Economic growth has been above trend for the past three years and the upswing has been broadly based. Low interest rate and high income growth has fuelled private consumption. Growth in petroleum investment has also been strong. Profitability in the business sector is high, and the growth in Mainland fixed business investment has been firm.

Mainland GDP is expected to increase by 2.9 per cent in 2007. Continued low real interest rates are expected to fuel private consumption. At the same time increased public consumption will provide growth impetus to the Mainland economy. The outlook for the Mainland business sector is favourable and growth in Mainland fixed business investment is expected to continue. However, high capacity utilisation can be an obstacle for growth in some sectors, and an increasing number of companies are facing difficulties in finding qualified labour.

A vigorous economic expansion has contributed to a tightening of the labour market. Employment growth has been high and the unemployment rate has fallen. In the National Budget the unemployment rate (Labour Force Survey) is expected to decline from 4.6 per cent in 2005 to 3.3 per cent in 2006 and 3.0 per cent in 2007. After the cut-off date for the budget, Statistics Norway announced an upward revision of unemployment rates reported this far in 2006. In light of the corrected figures, the Ministry of Finance estimates for the unemployment rate will rise by ¼ percentage points in both 2006 and 2007, to 3½ per cent and 3¼ per cent respectively. However, the revision does not influence the overall economic outlook presented in the budget.

Wage growth has been relatively modest so far in this business cycle, which must be seen in the context of inflows of labour from other Nordic countries, Poland and the Baltic countries. However, a tightening of the labour market suggests higher wage growth ahead. Wage growth is expected to pick up from 3¾ per cent in 2006 to 4½ per cent in 2007.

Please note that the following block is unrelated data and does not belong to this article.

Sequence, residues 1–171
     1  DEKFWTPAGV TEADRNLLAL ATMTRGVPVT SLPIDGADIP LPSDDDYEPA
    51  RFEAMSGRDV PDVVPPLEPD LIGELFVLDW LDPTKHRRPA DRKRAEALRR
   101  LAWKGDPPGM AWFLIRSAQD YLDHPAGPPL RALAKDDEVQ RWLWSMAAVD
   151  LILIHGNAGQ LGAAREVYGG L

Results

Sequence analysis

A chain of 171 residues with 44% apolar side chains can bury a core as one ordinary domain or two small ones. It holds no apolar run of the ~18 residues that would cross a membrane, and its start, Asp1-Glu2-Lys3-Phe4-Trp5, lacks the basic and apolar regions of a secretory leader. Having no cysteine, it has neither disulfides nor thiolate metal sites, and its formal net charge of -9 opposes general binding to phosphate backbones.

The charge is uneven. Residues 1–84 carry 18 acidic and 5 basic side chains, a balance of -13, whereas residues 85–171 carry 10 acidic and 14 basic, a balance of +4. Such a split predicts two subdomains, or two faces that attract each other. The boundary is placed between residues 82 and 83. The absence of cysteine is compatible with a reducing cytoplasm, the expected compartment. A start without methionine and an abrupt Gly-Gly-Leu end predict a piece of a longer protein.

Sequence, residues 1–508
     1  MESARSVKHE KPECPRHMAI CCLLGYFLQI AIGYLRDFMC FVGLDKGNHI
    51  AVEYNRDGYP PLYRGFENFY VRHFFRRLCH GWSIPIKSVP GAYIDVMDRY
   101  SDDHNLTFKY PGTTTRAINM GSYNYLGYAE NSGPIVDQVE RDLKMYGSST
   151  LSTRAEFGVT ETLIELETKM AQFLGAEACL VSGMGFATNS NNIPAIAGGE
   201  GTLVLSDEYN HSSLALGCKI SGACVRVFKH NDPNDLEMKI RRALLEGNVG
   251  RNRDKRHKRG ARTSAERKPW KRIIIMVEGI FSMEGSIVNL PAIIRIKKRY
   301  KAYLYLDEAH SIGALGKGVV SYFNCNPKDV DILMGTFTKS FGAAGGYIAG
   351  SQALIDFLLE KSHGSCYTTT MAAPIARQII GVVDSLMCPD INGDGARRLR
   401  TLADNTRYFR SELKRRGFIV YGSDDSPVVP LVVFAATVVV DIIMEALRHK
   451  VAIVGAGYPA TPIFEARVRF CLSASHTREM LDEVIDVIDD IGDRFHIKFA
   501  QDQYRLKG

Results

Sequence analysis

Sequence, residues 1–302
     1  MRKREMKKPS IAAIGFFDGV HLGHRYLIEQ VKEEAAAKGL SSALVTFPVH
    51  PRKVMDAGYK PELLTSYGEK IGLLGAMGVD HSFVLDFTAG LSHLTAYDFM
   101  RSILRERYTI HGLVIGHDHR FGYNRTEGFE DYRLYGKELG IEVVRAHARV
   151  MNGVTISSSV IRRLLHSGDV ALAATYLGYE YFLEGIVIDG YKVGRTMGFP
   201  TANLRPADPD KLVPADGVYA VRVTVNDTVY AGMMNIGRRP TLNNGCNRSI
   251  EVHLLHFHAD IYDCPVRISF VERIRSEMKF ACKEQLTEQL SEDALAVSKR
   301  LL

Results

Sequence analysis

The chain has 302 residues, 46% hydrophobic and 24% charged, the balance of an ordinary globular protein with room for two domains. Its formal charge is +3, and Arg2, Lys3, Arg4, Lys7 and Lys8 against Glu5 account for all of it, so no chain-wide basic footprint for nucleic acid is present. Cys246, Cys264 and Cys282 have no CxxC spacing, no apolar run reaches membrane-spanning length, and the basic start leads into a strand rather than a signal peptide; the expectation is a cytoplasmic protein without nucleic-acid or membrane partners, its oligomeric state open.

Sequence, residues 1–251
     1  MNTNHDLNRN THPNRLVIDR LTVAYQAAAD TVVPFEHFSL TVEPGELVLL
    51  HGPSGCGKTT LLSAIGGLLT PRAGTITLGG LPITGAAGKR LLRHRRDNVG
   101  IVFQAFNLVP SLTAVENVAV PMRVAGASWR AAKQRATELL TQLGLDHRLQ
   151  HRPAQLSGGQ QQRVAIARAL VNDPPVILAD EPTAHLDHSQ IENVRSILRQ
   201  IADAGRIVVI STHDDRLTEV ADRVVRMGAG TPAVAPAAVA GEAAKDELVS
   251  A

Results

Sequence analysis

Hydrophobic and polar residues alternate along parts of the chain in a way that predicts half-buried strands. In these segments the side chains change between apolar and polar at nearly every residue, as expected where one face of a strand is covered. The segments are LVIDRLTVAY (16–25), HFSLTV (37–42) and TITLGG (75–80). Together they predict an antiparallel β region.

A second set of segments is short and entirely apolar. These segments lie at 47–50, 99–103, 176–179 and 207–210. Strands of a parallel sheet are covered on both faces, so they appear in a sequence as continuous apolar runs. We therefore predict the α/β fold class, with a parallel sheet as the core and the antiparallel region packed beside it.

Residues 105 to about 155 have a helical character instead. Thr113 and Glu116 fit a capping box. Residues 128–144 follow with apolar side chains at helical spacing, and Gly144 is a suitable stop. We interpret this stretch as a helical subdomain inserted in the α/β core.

The consumer price index (CPI) is estimated to increase by 2½ per cent in 2006 and by 1¾ per cent in 2007. Adjusted for changes in excise duties and excluding energy, consumer price inflation (CPI-ATE) is expected to pick up from 1 per cent this year to 1½ per cent next year.

The oil price has increased substantially since 2003. In the middle of August the oil price was NOK 480 per barrel, but has since fallen somewhat. The projection in the National Budget 2007 is based on an oil price of NOK 425 per barrel in 2006 and NOK 390 in 2007.


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Key projections for the Norwegian economy. Per cent1

2005

NOK billion

2005

2006

2007

Private consumption

795.7

3.4

3.7

3.0

Public consumption

387.5

1.5

2.7

2.7

Gross fixed investments

356.3

10.9

8.2

1.8

Petroleum

88.2

15.6

5.0

-2.5

Business sector, Mainland Norway

121.7

9.8

7.1

6.1

Exports

862.2

0.7

1.8

5.3

Crude oil and natural gas

427.9

-4.1

-2.7

6.8

Traditional goods

229.6

5.8

5.5

4.0

Imports

534.2

7.4

7.4

3.5

Traditional goods

351.1

8.3

6.8

5.2

Gross domestic product

1903.8

2.3

2.4

3.6

Mainland Norway

1410.3

3.7

3.4

2.9

Memorandum items:

Consumer price inflation (CPI)

1.6